A bunch of other brands didn't, but the ones mentioned above did, which leads me to believe at least a few others do as well.
#7: Animal Crackers
As if barely looking like actual animals in the first place wasn't bad enough, it turns out the 2 most popular brands of animal crackers that I know of, Barnum's Animal Crackers (by Nabisco) and Stauffer’s Original Animal Crackers, both contain some amount of trans fat per serving.
See kids, animals can be dangerous.
#8: Fig Newtons
If there was ever to be some at least moderately healthy cookie, you'd think the Fig Newton would be that cookie. I mean... it's a cookie... whose main ingredient is fig. Not chocolate or vanilla filling... but fig. And Nabisco certainly hasn't been shy about that fact. Five seconds of research has reminded me that they've claimed a fig newton contains more fruit than a nutri-grain bar and that it's "the cookie that thinks it's a fruit."
That sounds great and all, but I'd sure like to know what fruit it thinks it is because, last time I checked, no fruit contained trans fat. Fig Newtons on the other hand, do. On the bright side though, their Fat Free Fig Newton honestly does NOT contain any trans fat.
Hopefully someone will inform Brian Regan.
#9: Ritz Crackers
Sure, these might not be quite as surprising as saltine crackers (as these actually have a taste), but even still, some may find it surprising that Ritz Crackers contain some amount of trans fat per serving. And yeah, even the reduced fat version and the whole wheat version of Ritz Crackers do as well.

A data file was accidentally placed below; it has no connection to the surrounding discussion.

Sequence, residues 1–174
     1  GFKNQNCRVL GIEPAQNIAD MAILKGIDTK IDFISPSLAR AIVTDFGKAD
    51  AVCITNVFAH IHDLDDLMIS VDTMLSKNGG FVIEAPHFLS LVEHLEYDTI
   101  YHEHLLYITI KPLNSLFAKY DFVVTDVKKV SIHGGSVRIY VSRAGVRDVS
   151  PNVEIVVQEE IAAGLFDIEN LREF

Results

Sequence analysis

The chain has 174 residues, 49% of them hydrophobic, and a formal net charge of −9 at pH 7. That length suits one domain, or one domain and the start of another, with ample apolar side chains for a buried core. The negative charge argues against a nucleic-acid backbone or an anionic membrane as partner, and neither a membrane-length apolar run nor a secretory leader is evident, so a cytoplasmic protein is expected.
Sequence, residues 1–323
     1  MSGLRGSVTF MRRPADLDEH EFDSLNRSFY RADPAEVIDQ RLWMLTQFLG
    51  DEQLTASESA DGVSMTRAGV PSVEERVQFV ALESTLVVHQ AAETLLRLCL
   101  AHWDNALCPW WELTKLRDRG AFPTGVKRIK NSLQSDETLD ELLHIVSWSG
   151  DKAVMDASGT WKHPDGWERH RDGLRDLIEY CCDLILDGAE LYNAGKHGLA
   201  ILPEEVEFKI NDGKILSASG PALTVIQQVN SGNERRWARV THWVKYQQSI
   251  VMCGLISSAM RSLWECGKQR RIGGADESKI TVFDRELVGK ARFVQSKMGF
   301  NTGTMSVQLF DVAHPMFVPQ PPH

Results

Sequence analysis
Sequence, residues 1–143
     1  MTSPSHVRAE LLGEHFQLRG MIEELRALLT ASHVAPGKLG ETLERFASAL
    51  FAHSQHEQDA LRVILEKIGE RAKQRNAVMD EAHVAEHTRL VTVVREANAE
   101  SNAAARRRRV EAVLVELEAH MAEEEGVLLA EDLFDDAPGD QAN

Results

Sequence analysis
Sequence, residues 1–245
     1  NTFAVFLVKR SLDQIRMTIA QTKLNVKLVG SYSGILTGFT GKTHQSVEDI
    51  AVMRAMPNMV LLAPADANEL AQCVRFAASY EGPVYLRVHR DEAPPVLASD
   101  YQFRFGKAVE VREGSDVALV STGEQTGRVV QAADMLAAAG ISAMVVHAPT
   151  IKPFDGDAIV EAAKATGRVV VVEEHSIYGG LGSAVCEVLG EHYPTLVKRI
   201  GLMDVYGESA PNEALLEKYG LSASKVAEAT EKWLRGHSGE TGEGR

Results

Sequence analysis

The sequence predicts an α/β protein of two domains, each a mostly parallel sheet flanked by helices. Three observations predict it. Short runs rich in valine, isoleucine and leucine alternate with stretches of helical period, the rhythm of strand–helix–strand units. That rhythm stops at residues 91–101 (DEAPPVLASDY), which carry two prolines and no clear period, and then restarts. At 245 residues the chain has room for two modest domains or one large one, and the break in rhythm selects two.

Mmmmm, forget the cheese. Let's put some Lipitor on those Ritz.
#10: Fortune Cookies
I figured I'd end on a weird one. I first discovered that fortune cookies contain trans fat when one of my fortunes said "Your risk of heart disease will be increasing." Thank you, I'll be here all week.
Seriously though, I found this out one time while waiting to pick up an order at my local Chinese food place. I happened to see a big bag of fortune cookies sitting nearby. And, wouldn't you know, they contained trans fat. Since then I've actually seen fortune cookies from 2 other restaurants, and they too contained trans fat. Whether or not the Chinese food joint near you uses fortune cookies that do, I don't know. However, I'd say the chances are pretty good.
Trans Fat FAQ
I don't get something. How do you know that any of these foods contain trans fat if their labels all say "Trans Fat: 0 grams?" Are you making this up? Are you just guessing? Are you a food psychic? What's the deal?